The folks at the boatyard really like to remind us of this fact. Yup. We know. It’s a big boat. We know it intimately, now that we have sanded its 65-foot hull repeatedly for nearly a week. Those of us with back problems really felt it. Those of us without back problems no longer exist. But even the pain and tedium of sanding came to an end at some point, and that point was when Doug said “Okay, that’s enough sanding.” If our arms were not already frozen in overhead positions, we would have thrown them up in jubilation. Denied our gesticular glee, we celebrated instead with a bit of bubbly later that evening.
In the meantime, Doug has been tirelessly running about fixing up all manner of electrical and mechanical things that require his experience and knowledge of the systems. The masthead light is mounted and working, the sewage tank is sealed and the toilets operational, we have lights in most of the berths, and there are probably at least a dozen other things he’s magically fixed up this week that I didn’t even know about.
So this week has been a good one, in terms of tangible progress. A good pressure-washing of the hull and deck made the Illusion the cleanest she’s been in a long time. After all the scrubbing of mould and bird poo of yesterweeks, I think blasting away any residual remnants with the water gun was the most satisfying task Deb has had yet. POW – White! [insert maniacal laughter here]. Painting began the next day, and she looks like a different boat without all the blotches and blemishes.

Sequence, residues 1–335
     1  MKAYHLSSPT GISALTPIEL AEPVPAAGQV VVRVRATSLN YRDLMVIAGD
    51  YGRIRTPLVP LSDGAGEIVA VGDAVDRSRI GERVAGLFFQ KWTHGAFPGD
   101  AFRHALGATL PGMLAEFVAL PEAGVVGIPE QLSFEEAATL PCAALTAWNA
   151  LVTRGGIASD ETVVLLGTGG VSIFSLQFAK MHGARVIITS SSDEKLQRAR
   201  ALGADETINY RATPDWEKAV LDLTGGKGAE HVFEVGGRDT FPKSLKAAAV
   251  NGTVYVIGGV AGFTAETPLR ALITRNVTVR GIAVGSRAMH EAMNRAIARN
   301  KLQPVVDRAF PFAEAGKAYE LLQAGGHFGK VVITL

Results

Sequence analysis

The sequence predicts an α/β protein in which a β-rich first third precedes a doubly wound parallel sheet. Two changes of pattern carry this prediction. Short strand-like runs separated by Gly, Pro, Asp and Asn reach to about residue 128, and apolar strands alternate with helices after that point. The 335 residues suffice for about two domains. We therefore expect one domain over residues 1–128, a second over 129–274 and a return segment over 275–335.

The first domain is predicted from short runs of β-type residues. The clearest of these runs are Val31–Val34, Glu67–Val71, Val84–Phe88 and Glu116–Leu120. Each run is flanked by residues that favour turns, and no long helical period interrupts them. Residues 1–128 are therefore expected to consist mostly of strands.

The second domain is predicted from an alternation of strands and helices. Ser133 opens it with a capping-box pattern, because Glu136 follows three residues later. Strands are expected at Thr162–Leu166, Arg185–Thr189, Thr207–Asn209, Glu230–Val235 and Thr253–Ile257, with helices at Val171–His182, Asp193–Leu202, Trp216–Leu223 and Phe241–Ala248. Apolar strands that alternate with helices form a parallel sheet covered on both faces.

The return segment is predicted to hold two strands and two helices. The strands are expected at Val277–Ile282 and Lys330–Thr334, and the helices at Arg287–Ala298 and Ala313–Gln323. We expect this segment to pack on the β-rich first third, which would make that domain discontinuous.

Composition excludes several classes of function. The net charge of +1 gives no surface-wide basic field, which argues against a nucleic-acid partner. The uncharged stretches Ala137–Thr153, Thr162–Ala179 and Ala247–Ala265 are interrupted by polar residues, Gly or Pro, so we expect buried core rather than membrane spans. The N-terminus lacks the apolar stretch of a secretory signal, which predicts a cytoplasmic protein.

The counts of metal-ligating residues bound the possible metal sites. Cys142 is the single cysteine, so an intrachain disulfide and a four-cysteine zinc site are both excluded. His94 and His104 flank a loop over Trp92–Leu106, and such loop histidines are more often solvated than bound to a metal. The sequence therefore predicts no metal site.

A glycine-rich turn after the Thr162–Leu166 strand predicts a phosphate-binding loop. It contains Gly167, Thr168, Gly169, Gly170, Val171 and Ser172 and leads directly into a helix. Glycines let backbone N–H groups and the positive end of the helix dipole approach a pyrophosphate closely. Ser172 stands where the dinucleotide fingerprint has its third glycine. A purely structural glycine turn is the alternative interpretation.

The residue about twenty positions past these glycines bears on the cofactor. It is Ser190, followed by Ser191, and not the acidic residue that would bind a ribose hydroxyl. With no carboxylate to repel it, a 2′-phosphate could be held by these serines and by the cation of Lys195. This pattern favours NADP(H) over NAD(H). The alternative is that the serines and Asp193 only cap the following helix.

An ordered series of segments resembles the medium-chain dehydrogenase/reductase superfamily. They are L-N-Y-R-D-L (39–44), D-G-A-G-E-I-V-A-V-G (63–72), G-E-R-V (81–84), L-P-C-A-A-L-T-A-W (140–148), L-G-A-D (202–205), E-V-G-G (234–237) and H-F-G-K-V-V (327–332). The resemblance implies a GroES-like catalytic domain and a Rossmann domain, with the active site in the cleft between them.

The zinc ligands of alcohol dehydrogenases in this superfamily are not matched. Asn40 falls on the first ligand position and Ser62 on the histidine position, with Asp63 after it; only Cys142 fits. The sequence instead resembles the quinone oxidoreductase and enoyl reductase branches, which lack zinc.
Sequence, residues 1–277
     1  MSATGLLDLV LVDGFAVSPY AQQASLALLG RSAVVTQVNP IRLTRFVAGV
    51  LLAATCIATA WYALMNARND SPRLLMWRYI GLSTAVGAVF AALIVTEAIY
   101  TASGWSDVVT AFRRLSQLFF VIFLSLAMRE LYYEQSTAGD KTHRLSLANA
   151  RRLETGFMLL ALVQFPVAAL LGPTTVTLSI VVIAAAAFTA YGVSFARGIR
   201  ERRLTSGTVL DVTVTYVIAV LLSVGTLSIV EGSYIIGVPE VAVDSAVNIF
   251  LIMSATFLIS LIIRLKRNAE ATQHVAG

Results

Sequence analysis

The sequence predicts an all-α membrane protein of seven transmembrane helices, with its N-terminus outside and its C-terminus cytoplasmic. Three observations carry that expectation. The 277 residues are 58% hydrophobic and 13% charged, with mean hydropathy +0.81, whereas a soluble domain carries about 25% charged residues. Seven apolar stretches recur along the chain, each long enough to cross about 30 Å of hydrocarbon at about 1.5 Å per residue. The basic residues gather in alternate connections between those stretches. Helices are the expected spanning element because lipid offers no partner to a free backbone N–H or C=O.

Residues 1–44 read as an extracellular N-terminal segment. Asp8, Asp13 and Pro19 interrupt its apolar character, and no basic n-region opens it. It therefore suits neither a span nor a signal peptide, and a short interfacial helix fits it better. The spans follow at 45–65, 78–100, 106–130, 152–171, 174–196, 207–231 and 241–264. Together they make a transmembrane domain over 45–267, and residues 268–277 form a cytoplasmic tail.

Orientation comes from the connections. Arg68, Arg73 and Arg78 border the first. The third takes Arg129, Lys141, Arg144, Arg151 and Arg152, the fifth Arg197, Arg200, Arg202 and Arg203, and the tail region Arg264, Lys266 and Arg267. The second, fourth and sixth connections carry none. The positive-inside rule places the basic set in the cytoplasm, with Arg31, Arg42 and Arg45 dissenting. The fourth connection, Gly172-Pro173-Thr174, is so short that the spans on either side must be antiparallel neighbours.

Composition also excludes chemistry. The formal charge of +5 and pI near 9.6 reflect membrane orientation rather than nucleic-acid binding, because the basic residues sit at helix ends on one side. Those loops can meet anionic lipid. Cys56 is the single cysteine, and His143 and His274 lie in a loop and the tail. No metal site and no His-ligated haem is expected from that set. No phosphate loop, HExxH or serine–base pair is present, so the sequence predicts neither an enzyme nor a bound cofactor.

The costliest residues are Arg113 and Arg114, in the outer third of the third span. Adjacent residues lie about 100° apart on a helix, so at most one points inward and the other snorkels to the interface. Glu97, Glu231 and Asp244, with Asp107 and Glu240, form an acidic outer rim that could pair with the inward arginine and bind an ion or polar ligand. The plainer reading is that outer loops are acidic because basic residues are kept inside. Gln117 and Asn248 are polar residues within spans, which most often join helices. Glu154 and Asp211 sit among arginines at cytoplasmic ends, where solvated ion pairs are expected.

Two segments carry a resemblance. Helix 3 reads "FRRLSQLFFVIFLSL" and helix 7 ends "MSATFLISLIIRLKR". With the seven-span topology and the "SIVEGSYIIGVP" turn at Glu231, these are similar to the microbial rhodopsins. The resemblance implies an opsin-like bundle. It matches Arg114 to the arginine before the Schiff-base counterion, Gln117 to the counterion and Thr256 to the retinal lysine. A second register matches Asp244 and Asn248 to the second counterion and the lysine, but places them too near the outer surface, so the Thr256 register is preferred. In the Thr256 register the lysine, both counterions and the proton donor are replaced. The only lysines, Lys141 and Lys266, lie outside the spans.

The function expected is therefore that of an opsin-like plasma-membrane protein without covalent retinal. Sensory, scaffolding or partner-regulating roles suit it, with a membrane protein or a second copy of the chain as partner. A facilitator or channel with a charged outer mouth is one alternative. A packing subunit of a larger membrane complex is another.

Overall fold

I think it’s good for the sanity sometimes to have big, visible differences like that. Especially for Doug, Deb, and John, who have all been plugging away at this for so long. I’m so grateful for all the hard work that they put in before I got here, to get the boat cleaned up and livable again. They’ve done an incredible job. It’s starting to feel like a home – although for now a home on stilts. I’ve made doubly sure the oven is in working order though (that’s key, in my home,) testing it on a few batches of granola and bread… Home, sweet, home.
The boatyard has begun to feel like home too, or at least we’ve made ourselves at home there. The “Marina Garden Bar” has been unofficially dubbed the “Canadian Club” as we’ve laid claim to the area by having our kitchen stuff all over the place. But just as we’re starting to feel at home in the yard, it seems the time is coming up to leave. That’s right, the launch is in sight! There are still plenty of projects left to be done, but some of them can be done when we’re in the water. We’ve begun the madness of stocking up on provisions, enough food to last us until Hawaii. We still need to raise the mast and rigging, seal up a few leaks, put the engine back together, get the last few coats of paint on, and find places for all of our stuff (and all that food!) on board – which I know sounds like an awful lot, but if you had only seen the list before… Hopefully by the end of the week though, we’ll be saying a bittersweet goodbye to the boatyard and its fantastic folks, goodbye to fresh produce and ice cream, and taking the old gal for a swim.